done teaching them for now; I can only imagine that their heads were swimming trying to absorb not just what they heard but also to comprehend what it meant. Although the CJB has it that Yeshua went on to “preach in towns nearby”, what it really literally says is that He went on to preach in their towns. Since the subject is the 12 Disciples, this must mean that Christ not only remained in the Galilee, but that He literally visited the hometowns where the 12 Disciples’ families would have resided. Why did Yeshua suddenly disengage from the 12? I don’t think it is mysterious. I

see the Early Church Father Chrysostom as getting it right. In his homily on the Gospel of Matthew, he says: After Jesus commissioned the apostles, he proceeded to separate Himself

from them, to give them room and opportunity to do what he had called them to do. For while He was present with them and healing others, no one would be inclined to approach them. Any good leader understands that after he has trained up a person (a disciple), if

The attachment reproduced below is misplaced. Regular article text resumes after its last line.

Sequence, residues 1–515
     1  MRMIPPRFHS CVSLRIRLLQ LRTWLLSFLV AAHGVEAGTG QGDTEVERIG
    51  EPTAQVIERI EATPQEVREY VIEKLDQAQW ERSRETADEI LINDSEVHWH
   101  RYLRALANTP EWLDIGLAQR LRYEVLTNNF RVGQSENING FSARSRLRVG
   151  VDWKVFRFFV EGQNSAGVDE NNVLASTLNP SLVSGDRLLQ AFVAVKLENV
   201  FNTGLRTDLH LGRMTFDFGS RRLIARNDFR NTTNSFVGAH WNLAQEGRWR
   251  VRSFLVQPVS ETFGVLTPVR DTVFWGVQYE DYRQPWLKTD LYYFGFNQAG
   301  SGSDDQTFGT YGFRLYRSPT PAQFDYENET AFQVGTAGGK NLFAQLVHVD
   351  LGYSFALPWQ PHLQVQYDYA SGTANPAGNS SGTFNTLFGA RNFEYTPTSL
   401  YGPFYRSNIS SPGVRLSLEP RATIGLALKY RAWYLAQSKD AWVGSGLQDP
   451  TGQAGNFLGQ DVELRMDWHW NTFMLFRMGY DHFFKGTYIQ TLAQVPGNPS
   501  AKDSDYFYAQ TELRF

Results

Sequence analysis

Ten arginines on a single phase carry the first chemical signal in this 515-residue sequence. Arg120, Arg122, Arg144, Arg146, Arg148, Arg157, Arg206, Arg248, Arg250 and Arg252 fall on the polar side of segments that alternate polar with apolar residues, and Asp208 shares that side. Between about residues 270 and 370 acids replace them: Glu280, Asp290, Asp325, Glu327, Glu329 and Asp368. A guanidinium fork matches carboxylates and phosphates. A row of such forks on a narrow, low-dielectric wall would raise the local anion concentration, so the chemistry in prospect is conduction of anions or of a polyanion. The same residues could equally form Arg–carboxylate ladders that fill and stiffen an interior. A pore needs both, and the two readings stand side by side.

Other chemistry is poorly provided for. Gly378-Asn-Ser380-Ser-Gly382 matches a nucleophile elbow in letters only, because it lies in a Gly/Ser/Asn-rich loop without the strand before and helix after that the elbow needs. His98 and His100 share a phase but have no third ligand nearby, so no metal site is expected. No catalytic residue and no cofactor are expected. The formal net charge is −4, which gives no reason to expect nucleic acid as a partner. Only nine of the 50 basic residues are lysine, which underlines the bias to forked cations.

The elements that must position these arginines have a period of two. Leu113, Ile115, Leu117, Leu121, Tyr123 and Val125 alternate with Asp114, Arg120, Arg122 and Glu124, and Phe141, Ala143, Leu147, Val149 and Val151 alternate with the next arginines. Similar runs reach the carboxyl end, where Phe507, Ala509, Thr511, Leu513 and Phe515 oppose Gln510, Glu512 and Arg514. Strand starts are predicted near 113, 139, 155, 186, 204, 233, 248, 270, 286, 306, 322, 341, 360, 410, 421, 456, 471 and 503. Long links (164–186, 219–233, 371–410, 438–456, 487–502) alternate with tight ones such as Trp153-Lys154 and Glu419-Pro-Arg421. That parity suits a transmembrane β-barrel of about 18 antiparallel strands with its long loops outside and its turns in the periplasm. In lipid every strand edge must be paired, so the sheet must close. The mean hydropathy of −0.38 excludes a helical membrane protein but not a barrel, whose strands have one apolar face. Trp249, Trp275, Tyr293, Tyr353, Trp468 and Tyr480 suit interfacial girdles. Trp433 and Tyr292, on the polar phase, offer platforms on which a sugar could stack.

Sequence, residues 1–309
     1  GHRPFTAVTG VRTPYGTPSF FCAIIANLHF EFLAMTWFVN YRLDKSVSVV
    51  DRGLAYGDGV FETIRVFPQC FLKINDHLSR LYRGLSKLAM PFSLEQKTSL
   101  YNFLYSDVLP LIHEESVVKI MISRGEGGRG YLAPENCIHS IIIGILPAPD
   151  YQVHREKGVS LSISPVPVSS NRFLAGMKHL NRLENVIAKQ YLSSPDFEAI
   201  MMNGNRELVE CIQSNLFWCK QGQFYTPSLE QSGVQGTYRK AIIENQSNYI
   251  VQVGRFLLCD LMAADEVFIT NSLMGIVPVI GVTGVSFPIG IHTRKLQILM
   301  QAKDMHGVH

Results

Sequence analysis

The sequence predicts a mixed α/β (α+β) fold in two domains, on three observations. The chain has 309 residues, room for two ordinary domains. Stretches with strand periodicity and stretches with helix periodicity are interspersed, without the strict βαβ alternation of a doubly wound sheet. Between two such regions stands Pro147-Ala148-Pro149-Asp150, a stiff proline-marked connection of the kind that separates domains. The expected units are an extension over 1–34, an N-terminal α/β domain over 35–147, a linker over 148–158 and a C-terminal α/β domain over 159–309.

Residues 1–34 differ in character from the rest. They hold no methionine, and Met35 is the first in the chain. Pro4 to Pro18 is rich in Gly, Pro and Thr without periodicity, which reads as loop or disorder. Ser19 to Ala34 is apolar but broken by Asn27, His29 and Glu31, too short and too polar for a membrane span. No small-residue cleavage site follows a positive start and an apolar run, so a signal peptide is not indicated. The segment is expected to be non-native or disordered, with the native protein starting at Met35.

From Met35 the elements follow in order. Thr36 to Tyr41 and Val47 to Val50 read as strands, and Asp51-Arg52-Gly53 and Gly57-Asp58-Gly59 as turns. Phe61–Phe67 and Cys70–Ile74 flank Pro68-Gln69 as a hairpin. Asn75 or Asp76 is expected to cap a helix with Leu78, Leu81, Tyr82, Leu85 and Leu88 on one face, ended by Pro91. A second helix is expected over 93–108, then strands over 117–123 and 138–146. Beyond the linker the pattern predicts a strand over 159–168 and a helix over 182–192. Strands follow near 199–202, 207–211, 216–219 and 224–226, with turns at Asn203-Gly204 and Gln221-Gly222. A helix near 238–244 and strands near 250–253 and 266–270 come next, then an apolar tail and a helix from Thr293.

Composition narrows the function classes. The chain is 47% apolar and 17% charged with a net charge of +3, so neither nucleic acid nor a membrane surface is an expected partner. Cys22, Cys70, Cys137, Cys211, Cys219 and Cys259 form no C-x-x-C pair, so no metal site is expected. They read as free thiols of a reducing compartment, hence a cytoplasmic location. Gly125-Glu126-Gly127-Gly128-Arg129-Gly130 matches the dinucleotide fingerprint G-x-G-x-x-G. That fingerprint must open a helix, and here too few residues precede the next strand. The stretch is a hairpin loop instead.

he wants that person to grow and mature he’s got to kick him out of the nest, and let him or her stand on their own. The reality is that whenever that leader is present…. especially one as charismatic and widely known as Yeshua… along with the individual he has trained, people will naturally bypass the initiate and gravitate to the leader. That is not good for the development of that person, and in the longer run it inhibits the spreading of a movement or an organization. 11 / 12